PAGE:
In medical human-robot interactions, trust plays an important role since for patients there may be more at stake than during other kinds of encounters with robots. In the current study, we address issues of trust in the interaction with a prototype of a therapeutic robot, the Universal RoboTrainer, in which the therapist records patient-specific tasks for the patient by means of kinesthetic guidance of the patients arm, which is connected to the robot. We carried out a user study with twelve pairs of participants who collaborate on recording a training program on the robot. We examine a) the degree with which participants identify the situation as uncomfortable or distressing, b) participants' own strategies to mitigate that stress, c) the degree to which the robot is held responsible for the problems occurring and the amount of agency ascribed to it, and d) when usability issues arise, what effect these have on participants' trust. We find signs of distress mostly in contexts with usability issues, as well as many verbal and kinesthetic mitigation strategies intuitively employed by the participants. Recommendations for robots to increase users' trust in kinesthetic interactions include the timely production of verbal cues that continuously confirm that everything is alright as well as increased contingency in the presentation of strategies for recovering from usability issues arising.

Nam, C., Li, H., Li, S., Lewis, M., Sycara, K..  2018.  Trust of Humans in Supervisory Control of Swarm Robots with Varied Levels of Autonomy. 2018 IEEE International Conference on Systems, Man, and Cybernetics (SMC). :825—830.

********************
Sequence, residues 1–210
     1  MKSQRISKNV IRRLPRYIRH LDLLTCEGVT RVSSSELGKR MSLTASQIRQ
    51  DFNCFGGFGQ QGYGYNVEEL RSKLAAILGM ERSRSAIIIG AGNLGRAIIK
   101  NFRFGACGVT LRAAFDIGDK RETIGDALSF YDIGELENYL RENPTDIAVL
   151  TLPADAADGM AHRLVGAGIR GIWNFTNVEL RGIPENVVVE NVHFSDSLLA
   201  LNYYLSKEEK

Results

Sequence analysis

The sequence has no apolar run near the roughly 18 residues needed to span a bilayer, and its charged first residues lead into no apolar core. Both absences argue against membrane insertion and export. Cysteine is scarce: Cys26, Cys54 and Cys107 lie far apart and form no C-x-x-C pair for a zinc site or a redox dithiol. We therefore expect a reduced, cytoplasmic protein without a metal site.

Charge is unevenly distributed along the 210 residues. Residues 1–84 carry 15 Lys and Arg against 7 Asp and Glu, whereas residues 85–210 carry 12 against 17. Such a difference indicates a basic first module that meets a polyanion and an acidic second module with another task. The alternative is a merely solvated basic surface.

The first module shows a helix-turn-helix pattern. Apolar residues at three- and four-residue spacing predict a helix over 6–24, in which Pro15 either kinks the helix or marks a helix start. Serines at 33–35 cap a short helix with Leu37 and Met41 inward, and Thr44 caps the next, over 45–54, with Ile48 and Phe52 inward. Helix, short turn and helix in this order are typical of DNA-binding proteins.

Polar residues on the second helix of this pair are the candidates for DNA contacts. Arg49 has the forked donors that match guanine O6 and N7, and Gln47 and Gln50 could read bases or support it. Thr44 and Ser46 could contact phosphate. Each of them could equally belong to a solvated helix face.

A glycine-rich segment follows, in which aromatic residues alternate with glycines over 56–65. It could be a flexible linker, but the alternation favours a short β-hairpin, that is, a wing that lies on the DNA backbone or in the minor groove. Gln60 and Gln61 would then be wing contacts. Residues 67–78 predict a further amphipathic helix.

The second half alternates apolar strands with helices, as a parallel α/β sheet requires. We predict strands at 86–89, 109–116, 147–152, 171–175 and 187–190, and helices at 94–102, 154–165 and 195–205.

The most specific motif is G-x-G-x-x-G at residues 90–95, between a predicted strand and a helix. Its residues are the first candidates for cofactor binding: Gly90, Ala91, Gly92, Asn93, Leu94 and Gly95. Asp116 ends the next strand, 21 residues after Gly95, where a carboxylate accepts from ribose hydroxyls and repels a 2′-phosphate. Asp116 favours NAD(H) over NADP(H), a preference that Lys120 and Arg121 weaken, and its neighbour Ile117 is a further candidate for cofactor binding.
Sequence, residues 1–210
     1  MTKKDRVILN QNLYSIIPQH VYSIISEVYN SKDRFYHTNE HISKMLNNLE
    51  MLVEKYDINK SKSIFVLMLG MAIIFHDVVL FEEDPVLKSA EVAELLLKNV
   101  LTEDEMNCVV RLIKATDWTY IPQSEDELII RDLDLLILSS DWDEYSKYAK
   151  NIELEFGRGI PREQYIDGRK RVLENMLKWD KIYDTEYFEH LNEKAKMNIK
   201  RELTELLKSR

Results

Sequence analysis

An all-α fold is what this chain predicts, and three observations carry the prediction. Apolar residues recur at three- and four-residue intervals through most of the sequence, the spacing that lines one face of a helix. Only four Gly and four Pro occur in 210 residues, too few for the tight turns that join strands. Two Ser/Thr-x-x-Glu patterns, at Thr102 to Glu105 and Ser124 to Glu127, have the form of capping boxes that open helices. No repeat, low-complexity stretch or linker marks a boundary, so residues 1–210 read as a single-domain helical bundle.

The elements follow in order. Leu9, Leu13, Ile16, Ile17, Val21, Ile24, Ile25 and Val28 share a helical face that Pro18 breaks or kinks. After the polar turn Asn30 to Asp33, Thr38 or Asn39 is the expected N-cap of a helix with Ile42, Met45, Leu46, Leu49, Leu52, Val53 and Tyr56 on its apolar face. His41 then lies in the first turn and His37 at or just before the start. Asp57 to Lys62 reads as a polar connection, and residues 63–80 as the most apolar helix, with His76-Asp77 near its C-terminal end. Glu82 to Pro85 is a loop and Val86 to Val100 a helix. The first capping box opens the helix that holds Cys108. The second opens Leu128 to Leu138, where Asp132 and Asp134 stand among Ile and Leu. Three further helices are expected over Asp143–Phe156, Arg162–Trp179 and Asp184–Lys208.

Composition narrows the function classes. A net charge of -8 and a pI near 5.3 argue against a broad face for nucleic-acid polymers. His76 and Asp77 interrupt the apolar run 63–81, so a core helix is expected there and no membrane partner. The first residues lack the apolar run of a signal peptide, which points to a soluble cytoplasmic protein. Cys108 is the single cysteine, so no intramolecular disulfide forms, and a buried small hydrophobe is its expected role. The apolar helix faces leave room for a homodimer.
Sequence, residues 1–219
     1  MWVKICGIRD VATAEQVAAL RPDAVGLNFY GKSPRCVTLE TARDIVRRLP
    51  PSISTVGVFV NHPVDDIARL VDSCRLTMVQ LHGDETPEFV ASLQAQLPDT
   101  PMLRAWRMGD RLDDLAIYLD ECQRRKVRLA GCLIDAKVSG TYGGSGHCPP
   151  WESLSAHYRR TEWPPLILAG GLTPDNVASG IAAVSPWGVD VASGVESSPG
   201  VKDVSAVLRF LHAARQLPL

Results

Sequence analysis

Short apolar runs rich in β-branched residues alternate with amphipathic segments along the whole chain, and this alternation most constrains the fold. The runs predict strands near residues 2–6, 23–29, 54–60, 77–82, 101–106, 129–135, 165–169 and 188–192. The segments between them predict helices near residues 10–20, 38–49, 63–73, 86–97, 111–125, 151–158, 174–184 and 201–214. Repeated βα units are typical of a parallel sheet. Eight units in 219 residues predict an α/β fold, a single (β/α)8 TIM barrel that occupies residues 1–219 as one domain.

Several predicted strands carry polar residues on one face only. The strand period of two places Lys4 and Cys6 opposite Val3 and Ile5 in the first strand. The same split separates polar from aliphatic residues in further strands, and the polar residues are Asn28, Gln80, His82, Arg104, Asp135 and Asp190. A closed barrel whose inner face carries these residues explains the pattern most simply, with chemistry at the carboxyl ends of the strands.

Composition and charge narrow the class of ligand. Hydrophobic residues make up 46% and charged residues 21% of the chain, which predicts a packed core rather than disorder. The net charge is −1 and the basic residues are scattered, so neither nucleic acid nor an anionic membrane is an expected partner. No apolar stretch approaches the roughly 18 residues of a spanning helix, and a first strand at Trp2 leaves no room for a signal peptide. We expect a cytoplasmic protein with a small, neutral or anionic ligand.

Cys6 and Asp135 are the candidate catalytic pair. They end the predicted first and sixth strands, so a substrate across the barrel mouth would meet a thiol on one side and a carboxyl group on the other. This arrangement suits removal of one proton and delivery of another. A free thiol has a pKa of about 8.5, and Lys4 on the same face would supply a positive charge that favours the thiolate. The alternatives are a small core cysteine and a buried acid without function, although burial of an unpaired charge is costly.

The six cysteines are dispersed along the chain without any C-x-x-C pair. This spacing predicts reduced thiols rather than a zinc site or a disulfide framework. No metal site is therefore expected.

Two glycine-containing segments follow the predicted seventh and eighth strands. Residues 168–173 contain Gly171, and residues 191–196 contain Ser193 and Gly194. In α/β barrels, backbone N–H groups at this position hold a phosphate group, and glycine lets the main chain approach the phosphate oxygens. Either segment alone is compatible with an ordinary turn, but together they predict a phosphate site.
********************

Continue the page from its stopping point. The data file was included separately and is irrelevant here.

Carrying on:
In this paper, we study trust-related human factors in supervisory control of swarm robots with varied levels of autonomy (LOA) in a target foraging task. We compare three LOAs: manual, mixed-initiative (MI), and fully autonomous LOA. In the manual LOA, the human operator chooses headings for a flocking swarm, issuing new headings as needed. In the fully autonomous LOA, the swarm is redirected automatically by changing headings using a search algorithm. In the mixed-initiative LOA, if performance declines, control is switched from human to swarm or swarm to human. The result of this work extends the current knowledge on human factors in swarm supervisory control. Specifically, the finding that the relationship between trust and performance improved for passively monitoring operators (i.e., improved situation awareness in higher LOAs) is particularly novel in its contradiction of earlier work. We also discover that operators switch the degree of autonomy when their trust in the swarm system is low. Last, our analysis shows that operator's preference for a lower LOA is confirmed for a new domain of swarm control.

Byrne, K., Marín, C..  2018.  Human Trust in Robots When Performing a Service. 2018 IEEE 27th International Conference on Enabling Technologies: Infrastructure for Collaborative Enterprises (WETICE). :9—14.

The presence of robots is becoming more apparent as technology progresses and the market focus transitions from smart phones to robotic personal assistants such as those provided by Amazon and Google. The integration of robots in our societies is an inevitable tendency in which robots in many forms and with many functionalities will provide services to humans. This calls for an understanding of how humans are affected by both the presence of and the reliance on robots to perform services for them. In this paper we explore the effects that robots have on humans when a service is performed on request. We expose three groups of human participants to three levels of service completion performed by robots. We record and analyse human perceptions such as propensity to trust, competency, responsiveness, sociability, and team work ability. Our results demonstrate that humans tend to trust robots and are more willing to interact with them when they autonomously recover from failure by requesting help from other robots to fulfil their service. This supports the view that autonomy and team working capabilities must be brought into robots in an effort to strengthen trust in robots performing a service.